July 2017

Fitting the Tail Vice

Jay Oyster's picture

Sizing the tenons to fit the mortises in the benchtopIt's been three years ago now that I purchased a Benchcrafted tail vice for this workbench. And we're just about up to the sixth anniversary of this build. Yeesh.

No more on that. In our fourth home, you know, the permanent one, I've gotten my shop in shape enough to get moving.  On this project it meant one of the big technical challenges, installing the tail vice. Well, in all honesty, I was just trying to fit the undercarriage tenons to the top, and I realized that once I got the pieces together, I was unlikely to ever get them apart again . . . so I'd better cut the other parts I need cut on this benchtop while I have the chance.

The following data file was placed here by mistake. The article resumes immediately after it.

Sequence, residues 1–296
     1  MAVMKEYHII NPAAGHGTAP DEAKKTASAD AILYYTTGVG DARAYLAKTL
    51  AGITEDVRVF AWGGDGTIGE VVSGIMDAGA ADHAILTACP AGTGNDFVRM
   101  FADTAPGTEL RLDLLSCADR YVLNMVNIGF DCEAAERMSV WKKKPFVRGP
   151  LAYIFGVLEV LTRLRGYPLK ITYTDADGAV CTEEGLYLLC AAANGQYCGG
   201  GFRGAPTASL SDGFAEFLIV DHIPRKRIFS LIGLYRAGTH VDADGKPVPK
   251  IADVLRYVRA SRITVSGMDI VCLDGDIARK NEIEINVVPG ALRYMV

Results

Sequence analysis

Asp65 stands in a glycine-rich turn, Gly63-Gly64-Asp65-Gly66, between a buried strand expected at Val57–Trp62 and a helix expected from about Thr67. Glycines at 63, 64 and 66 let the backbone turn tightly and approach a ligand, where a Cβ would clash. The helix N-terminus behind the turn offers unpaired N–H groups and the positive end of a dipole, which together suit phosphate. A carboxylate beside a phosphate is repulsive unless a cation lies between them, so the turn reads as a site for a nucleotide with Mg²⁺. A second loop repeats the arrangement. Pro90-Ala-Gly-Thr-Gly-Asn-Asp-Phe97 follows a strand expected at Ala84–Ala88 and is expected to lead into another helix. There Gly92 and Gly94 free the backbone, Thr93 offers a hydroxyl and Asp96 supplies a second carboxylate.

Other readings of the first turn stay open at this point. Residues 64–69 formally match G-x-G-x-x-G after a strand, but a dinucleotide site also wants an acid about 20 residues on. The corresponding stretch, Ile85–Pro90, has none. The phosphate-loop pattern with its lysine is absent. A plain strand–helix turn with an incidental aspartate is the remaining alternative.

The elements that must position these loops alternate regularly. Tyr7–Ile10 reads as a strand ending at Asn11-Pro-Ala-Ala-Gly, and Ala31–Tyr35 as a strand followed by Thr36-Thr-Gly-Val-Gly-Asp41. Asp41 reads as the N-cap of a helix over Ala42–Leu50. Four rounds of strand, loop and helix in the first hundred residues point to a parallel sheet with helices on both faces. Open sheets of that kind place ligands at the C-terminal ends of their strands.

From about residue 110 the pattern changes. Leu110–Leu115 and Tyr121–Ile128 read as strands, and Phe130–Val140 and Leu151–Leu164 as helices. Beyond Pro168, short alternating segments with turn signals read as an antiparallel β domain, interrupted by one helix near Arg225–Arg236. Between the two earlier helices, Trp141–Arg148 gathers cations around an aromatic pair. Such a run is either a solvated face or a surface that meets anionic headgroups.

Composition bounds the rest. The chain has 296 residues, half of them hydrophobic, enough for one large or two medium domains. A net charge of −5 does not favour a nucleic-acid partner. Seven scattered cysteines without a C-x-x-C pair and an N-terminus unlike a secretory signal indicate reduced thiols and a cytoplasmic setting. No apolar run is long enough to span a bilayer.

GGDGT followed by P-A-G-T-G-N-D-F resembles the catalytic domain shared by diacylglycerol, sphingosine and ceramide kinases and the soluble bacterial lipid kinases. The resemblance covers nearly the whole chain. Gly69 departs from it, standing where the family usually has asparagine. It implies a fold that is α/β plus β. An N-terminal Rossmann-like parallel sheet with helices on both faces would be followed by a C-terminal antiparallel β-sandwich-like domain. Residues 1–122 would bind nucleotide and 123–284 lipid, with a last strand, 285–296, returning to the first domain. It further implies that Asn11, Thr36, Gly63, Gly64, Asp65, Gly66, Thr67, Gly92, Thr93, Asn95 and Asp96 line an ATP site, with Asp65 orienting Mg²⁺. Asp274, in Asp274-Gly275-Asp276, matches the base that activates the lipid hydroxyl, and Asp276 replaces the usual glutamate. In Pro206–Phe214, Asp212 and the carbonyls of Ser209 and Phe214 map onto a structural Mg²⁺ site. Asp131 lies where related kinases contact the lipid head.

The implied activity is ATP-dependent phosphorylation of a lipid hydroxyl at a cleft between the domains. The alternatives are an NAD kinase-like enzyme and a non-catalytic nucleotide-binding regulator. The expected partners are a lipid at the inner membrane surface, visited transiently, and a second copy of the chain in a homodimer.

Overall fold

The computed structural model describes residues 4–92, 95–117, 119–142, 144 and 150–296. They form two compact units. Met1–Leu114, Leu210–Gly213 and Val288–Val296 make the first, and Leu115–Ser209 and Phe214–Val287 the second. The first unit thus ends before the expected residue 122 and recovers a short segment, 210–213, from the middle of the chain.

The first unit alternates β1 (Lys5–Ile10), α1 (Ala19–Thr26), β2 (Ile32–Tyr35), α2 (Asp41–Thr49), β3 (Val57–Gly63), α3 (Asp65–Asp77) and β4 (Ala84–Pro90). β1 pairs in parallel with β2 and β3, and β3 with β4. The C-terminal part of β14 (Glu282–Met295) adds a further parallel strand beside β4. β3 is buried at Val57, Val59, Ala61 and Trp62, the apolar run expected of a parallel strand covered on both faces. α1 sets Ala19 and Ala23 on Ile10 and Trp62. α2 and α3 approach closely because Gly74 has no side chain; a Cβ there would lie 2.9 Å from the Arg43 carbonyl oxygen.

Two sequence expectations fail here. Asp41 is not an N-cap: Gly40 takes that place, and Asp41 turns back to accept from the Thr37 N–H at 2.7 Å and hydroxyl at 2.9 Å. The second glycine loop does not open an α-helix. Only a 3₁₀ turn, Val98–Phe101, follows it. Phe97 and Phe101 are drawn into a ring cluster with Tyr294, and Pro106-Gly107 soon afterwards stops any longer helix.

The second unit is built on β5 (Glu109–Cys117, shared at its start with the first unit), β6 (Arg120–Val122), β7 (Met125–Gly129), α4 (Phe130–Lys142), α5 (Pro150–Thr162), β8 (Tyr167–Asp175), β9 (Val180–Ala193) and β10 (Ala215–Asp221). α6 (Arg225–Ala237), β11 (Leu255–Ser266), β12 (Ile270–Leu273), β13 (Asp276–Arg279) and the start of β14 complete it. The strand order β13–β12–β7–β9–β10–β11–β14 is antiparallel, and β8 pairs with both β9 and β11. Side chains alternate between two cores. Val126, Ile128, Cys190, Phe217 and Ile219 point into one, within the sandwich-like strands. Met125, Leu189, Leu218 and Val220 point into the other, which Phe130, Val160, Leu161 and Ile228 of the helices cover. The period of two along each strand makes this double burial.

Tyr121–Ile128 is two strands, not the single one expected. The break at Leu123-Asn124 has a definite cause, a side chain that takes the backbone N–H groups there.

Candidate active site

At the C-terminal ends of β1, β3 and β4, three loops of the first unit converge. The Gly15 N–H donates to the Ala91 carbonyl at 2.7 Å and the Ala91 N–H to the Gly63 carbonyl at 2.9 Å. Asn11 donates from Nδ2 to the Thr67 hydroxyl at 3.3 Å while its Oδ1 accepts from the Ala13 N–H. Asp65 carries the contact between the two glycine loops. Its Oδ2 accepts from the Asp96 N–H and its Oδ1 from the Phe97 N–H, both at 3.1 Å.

Tool of choice to cut big slots in a giant butcher block slabI did muscle the top onto the undercarriage once, and then marked up the cheeks that needed to be shaved to fit. I added a number (1), (2), or (3) to indicate the magnitude of material removal required for each cheek. Then I hauled the top back over to my outfeed table to work on the tail vice stuff. That thing is heavy! I don't know how much it is. Wait, I can do this. The Wood Database says dried silver maple weighs an average of 33 lb/ft³. The top is about 96" long by 27" wide by 3 3/4" thick. That's 9720 in³. Divide by 1728 in³ in 1 ft³, so 9720/1728, or 5.625 cubic feet of silver maple in the top. 185 pounds for the top. And I'm hauling it single handed. It's not heavy. It's awkward. (Nah, this shit's heavy.)

Tail vice recess cut into the benchtop, fitted to the Benchcrafted hardware